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IN the preceding chapter we have shewn, that under the Jewish Dispensation, it was an important object to inculcate just, reverential, and sublime sentiments of religion, and to impress upon the mind the grand duty of Obedience. It was also proved, that this obedience consisted in a perfect confidence in the Divine administration, unreserved submission to the Divine will, and a strict conformity to all the duties of morality: that is, in principles and dispositions essential to human happiness. The Jewish people were instructed in the doctrines of religion and morality, in a manner, and to an extent, totally unknown to the Pagan world. As this people were, in the course of human events, to be perpetually exposed to all


the ignorance and vices of surrounding nations,
and to the seductive influence of example, every
expedient was employed to counteract the inju-
rious effects of example, that was consistent
with the primitive constitution of man ; that
might do honour to the freedom of his choice,
and render all the offices of piety, and the prac-
tice of every virtue, the acts of a wise mind,
and well-regulated dispositions. -
The accomplishment of this purpose required
a process which was to continue many ages, and
to be conducted through manifold contingences,
which might arise during so long a period. The
nature of these contingent circumstances, and
the manner in which the grand design was
effected, now demand our attention.
- The subject is extensive, and it consists of
various branches, which, notwithstanding their
diversity, have an intimate relation to the grand
object. In treating it we shall observe the fol-
lowing order.
I. We shall consider the early state of the
world, respecting Religion.
II. The selection of a particular family in
order to prevent an universal apostasy from
Monotheism, or the principles of true religion;
and also the deliverance of this family from a

state of bondage.

III. The religious Ceremonies instituted during the sojournment of the Hebrews in the wilderness; their nature and object. .

IV. The propensity of the Hebrews to Idolatry, and its causes : The nature and pernicious influence of idolatry; and the injunctions necessary to preserve this people from its fatal seductions.

W. The religious and moral character of the Israelites, under the different forms of government, with the correspondent consequences produced.

VI. The instrumentality of the Prophets of Jehovah, in the preservation of true religion.

VII. The Captivity of the tribes of Judah and Benjamin, and its salutary effects in the final establishment of Monotheism in the land of Judea.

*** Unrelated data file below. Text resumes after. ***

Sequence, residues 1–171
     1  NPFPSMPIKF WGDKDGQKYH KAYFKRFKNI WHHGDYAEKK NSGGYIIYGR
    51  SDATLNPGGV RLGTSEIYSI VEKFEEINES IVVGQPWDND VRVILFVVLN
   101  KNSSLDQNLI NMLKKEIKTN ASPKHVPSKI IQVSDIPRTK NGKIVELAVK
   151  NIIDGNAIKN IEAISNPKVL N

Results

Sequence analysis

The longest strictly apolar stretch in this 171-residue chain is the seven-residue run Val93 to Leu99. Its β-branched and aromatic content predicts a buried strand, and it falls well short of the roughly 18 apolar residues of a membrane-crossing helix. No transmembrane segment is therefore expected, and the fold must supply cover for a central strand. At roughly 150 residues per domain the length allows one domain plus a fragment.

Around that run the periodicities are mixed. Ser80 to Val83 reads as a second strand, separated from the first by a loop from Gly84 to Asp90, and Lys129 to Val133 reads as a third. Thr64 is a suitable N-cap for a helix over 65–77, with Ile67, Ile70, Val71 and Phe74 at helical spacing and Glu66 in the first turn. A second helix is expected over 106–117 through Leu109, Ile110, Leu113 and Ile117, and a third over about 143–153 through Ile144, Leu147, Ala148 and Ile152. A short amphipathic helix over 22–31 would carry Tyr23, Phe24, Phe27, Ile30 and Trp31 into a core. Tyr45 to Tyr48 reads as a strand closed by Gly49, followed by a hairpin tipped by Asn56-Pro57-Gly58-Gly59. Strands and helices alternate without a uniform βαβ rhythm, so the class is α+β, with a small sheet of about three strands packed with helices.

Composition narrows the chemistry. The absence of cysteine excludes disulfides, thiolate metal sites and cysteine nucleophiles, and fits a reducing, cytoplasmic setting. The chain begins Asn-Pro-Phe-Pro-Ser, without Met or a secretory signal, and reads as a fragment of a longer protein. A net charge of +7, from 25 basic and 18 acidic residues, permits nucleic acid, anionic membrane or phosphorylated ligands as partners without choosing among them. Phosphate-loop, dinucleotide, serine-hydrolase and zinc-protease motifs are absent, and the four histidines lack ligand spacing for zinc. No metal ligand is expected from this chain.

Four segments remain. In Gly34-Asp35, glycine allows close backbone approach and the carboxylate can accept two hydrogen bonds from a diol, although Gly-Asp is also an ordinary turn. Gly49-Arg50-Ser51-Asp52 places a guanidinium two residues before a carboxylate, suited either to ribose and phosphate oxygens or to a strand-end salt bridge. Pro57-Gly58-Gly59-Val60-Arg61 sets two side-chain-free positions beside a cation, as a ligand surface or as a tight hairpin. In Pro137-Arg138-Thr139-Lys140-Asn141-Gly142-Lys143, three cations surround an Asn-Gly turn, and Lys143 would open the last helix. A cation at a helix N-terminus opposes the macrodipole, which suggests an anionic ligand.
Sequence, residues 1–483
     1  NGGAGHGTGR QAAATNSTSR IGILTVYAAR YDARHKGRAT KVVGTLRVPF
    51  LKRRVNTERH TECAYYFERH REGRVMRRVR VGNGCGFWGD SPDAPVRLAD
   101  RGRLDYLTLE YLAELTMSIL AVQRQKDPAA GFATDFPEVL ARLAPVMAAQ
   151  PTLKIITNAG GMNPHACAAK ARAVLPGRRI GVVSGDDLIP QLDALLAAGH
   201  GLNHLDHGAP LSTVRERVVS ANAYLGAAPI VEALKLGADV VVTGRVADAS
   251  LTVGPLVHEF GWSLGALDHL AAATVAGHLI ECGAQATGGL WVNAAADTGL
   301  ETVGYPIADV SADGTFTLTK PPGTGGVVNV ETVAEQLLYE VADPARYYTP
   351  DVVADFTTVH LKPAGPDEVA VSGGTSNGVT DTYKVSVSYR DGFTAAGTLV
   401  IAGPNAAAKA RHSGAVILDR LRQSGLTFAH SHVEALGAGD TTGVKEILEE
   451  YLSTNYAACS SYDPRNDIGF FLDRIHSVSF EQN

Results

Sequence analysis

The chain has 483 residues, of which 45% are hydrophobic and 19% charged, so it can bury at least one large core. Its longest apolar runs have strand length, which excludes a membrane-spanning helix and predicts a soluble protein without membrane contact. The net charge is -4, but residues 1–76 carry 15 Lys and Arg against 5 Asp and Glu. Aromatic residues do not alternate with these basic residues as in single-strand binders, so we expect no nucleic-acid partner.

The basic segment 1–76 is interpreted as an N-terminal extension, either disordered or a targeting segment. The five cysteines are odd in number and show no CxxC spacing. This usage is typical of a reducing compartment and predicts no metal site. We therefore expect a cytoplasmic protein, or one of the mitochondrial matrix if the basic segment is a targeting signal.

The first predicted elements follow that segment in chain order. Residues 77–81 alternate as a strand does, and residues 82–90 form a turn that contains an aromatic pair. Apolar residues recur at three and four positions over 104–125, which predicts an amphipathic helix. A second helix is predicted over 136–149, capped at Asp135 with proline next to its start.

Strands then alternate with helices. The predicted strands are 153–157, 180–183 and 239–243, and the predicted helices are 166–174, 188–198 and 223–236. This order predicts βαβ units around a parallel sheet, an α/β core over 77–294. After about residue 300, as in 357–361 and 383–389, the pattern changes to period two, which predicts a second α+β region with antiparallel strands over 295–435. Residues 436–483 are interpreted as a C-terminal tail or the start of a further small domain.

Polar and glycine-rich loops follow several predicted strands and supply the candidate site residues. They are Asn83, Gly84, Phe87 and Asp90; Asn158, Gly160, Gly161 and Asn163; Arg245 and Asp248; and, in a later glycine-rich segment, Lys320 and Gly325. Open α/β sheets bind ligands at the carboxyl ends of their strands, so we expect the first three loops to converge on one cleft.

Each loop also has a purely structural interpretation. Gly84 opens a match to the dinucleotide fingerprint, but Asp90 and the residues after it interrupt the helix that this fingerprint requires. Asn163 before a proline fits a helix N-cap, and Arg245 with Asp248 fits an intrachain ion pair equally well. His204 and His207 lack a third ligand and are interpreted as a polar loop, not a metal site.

IT being the chief object of the sacred historian to treat of the theological and moral history of this selected nation, the events of several preceding ages are passed over in the most rapid manner. Hints are simply given of certain facts which were introductory to his, principal design. Noris.it practicable for any modern to fill up the large vacancies, observable between different periods, with conjectures of a satisfactory nature, by the deepest researches into antiquity. Yet these hints, concise as they are, furnish a clue which enables.us, to trace, with some degree of precision, the designs, of the moral governor of the world, and the manner in which these, designs, are accomplishing. Where there is, great obscurity, and, doubtless for wise reasons an intended obscurity, thrown over the early state of mankind, it is, indecent to, substitute vague conjectures, or hypothetic doctrines, as absolute facts,; and it is dangerous, to venerate, the particular opinions of the wisest men, as if they were indubitable and historical truths, or the infallible oracles of God. As the sacred history commences with the account of Adam's, formation, and relates his disobedience and punishment, thus it presents us with some insight into his superiority as an intelligent and moral agent. We perceive, in this account, the distinguished honours conferred upon Man, in the very mode of his creation, as well as in his, mental powers. God is represented as, ordering the Earth, to bring forth grass, and the herb yielding seed, after his kind; and also cattle and creeping things: and the HVaters to bring forth the inhabitants of the deep, and the winged fowl after his kind : but in the formation of MAN the divine energy is represented as being exerted immediately, without any kind of instrumentality; and “God said let us make Man in our image, after our likeness.” - - . . . We know of three very important characteristics of human nature, correspondent with these expressions. The dominion over every other sensitive being, and the power of converting the inanimate creation to an infinitude of uses; by which he imitates the Sovereignty of his Maker: his Intellectual Faculties; and his Moral powers; by the due cultivation of these—he is able to imitate his Maker in the still more venerable attributes of Wisdom and Goodness, and their concomitant Felicity. Of the precise degree of Intellect possessed by our first parents, and how far it transcended the powers of their offspring, we know nothing; for the scriptures have not informed us. Of their moral Attainments, and the sublimity of their Wirtue or Piety, we are not authorised to say much to their honour. The restraint imposed upon them, in the midst of the most liberal grants, as a proof of their

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